If you’re new here, know that a hill I will die on is the underrated and life-affirming power of friendship and its unfair relegation to second place behind (equally formative) romantic relationships.
This is a series of anonymous love letters to a different friend each time, who may choose to be named or remain nameless should they recognise themself.
My first memory of our friendship is in the Sunday rank line.
For background, in my high school we’d walk to church in a queue of pairs (we also had a specific uniform for this called “stepping out” which was FABULOUS in Winter) and this long line of paired humans was overseen by prefects. I was in North House and you weren’t we became unlikely friends while shepherding our troops to church every Sunday. Obviously, being Catholic (and being in the same year) we’d known each other for years but in the Venn diagram of friendships, our spheres rarely overlapped. Now as prefects, in our final yeat of high school, we were accidentally bonding. I say all of this to drive home the point that I think we were brought together Divine Intervention and supernaturally aided by the church. You were dripping attitude and had a lofty contempt for the rules, the establishment and anyone trying to tell you what to do. You were loyal and monogamous in your friendships and outwardly aloof (you’re still like this BTW). High school was beneath you/holding you back and you were exploring the world hitherto unheard-of by the bookish likes of me. You spent your Saturdays doing things that made me fear for your safety and I spent mine in bookstores, at the movies and probably at drummies (Drum Majorettes) practice. We couldn’t have been more different but you were exactly what I needed precisely when I needed it.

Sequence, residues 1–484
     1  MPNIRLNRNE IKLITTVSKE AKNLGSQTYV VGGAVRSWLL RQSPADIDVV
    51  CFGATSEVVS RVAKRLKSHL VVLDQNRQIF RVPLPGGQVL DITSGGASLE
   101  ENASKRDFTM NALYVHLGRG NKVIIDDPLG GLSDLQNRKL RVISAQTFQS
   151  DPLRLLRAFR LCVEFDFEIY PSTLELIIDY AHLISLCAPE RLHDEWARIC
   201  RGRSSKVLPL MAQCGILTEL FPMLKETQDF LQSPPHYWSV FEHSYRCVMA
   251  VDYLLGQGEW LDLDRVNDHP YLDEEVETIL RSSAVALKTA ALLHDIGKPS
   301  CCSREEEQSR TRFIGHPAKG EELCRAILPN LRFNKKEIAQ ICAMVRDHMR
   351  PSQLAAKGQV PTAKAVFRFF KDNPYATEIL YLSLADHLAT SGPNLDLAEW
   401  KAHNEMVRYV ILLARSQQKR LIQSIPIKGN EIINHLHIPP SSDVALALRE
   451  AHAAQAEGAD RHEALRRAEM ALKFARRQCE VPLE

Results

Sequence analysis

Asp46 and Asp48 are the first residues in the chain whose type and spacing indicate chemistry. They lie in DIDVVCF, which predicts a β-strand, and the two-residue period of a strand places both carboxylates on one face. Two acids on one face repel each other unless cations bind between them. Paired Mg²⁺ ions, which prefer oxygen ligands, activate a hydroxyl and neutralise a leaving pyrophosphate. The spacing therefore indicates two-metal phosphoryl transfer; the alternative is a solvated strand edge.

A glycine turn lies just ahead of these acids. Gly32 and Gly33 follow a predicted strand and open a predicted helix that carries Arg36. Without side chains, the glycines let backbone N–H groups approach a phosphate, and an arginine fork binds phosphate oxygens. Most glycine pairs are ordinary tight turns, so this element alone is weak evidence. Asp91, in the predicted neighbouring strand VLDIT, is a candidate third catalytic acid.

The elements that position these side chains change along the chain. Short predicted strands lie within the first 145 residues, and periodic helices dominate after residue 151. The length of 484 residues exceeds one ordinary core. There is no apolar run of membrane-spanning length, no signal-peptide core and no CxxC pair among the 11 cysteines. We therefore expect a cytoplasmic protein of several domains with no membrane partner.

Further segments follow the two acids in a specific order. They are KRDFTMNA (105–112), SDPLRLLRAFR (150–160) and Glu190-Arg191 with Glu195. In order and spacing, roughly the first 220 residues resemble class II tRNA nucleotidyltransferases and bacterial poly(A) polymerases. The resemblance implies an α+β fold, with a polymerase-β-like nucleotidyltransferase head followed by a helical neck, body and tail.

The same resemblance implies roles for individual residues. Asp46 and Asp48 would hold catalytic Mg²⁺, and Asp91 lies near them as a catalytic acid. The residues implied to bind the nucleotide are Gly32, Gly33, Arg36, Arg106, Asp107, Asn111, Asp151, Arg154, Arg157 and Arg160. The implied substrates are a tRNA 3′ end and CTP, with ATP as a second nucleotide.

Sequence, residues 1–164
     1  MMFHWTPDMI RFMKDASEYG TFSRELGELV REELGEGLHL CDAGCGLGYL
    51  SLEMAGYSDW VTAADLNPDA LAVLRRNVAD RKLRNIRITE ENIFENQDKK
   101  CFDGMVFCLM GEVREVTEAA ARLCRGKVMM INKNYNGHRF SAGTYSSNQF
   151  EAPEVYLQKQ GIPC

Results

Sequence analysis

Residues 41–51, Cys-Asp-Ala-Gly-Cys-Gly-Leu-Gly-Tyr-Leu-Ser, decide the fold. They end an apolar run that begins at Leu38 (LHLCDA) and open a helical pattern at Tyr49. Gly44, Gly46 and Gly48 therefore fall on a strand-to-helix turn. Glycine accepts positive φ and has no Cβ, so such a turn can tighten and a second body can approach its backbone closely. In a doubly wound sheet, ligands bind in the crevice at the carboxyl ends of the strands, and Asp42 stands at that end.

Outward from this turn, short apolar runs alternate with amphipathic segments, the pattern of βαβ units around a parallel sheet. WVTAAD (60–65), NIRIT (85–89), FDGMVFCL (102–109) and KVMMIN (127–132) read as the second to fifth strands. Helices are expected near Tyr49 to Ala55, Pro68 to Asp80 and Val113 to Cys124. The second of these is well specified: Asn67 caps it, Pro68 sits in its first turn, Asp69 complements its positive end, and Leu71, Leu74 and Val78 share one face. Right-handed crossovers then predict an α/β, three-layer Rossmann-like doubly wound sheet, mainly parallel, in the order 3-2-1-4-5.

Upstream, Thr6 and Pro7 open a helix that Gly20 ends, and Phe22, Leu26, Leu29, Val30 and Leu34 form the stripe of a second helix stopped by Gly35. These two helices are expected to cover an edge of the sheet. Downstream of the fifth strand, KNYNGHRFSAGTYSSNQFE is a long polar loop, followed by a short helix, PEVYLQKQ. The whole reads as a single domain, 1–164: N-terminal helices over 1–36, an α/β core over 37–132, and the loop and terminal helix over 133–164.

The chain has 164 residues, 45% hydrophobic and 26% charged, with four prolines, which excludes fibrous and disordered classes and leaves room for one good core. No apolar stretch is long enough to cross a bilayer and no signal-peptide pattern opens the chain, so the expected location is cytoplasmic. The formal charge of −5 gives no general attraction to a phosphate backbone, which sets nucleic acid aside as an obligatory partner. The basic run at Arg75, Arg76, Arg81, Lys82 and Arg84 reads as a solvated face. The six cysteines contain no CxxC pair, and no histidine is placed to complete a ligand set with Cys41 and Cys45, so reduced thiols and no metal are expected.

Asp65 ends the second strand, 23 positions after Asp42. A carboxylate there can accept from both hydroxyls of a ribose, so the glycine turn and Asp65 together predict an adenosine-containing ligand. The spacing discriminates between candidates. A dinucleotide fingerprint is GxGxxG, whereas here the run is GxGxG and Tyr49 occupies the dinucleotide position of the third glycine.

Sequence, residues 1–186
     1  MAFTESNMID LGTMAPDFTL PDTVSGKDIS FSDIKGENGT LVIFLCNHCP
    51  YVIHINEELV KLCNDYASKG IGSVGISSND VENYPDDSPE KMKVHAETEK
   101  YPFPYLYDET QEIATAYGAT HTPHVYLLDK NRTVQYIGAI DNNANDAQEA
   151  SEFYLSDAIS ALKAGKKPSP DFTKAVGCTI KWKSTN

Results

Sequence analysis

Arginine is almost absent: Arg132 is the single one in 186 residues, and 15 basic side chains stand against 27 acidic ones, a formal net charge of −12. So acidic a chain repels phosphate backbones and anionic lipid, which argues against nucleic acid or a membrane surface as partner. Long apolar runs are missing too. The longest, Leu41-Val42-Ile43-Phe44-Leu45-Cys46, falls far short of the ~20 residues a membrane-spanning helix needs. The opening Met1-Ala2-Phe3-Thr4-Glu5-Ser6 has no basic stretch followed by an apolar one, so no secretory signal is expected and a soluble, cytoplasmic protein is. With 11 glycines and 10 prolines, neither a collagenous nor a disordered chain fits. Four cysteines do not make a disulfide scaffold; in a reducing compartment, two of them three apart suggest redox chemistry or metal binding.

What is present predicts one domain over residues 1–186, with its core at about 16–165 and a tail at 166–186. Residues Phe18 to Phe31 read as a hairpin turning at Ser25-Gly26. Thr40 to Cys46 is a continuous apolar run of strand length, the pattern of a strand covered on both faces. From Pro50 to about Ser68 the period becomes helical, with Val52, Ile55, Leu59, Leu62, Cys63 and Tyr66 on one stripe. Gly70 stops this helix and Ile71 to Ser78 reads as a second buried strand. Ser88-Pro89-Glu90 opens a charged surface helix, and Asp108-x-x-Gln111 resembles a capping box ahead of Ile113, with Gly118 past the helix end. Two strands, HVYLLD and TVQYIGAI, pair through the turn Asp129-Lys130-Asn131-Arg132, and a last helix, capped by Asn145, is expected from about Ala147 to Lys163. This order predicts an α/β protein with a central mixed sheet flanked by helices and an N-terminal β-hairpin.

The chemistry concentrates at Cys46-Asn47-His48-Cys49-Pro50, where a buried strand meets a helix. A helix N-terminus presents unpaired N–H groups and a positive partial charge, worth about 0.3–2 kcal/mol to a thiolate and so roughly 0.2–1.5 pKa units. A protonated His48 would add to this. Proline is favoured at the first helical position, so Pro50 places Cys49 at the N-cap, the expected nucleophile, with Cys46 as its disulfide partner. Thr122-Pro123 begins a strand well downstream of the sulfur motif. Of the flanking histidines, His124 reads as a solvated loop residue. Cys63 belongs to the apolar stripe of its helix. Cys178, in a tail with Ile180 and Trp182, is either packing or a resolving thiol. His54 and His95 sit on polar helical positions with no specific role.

Matric was a difficult year for me. My High school experience up until that point had been lovely, lively and diverse; I had friends in many different circles (see: The Nerds Shall Inherit the Earth: Part I). If I have 10 bad memories, 80% are from the transition from grade 11 to matric. Everything was changing, I was apparently supposed to be a leader despite feeling that everything I’d learned up to that point meant that my quiet brand of leadership wasn’t going to cut it. As such, I’d had no aspirations to rise in the ranks, I just wanted to continue being excellent and busy and happy. I held no desire to discipline or dominate other people’s children and my ambitions were more of the large-scale Get Into Medschool and/or Cure AIDs variety. I couldn’t raise my voice even when I tried and I accidentally ascribed a level of maturity to my peers that they didn’t deserve. My friendships were also in free fall: my only high school best friend was being forced to reckon with the fact that our friendship was based on her assumed superiority to me (hurtful) and as a result she felt both robbed of leadership roles I was given (particularly in the sport that she’d introduced me to) and incensed because she had borne front row witness to my non-grasping ways. If there was anyone on the planet who knew how little I wanted it all, it was her. My other “friends” were making it clear (particularly behind my back) that they didn’t mind taking orders as long as it wasn’t from me. I’ve always been goofy and irreverent but underpinning this has always been a backbone of steel and disciplined determination. Its easy to overlook but it wasn’t a secret. I’ve also always been trusting to the point of delusion. These revelations came as a monumental and near-debilitating shock to me; I couldn’t belive anyone who knew me could feel that way about me. I couldn’t belive that people who’d walked beside me for years could suddenly turn jn the wake of my sudden quiet rise. But they did. And I wasn’t coping. My home and safe places had become hostile and suddenly I was spilling my guts in the Sunday rank line to the only Catholic prefect I didn’t mistrust. You.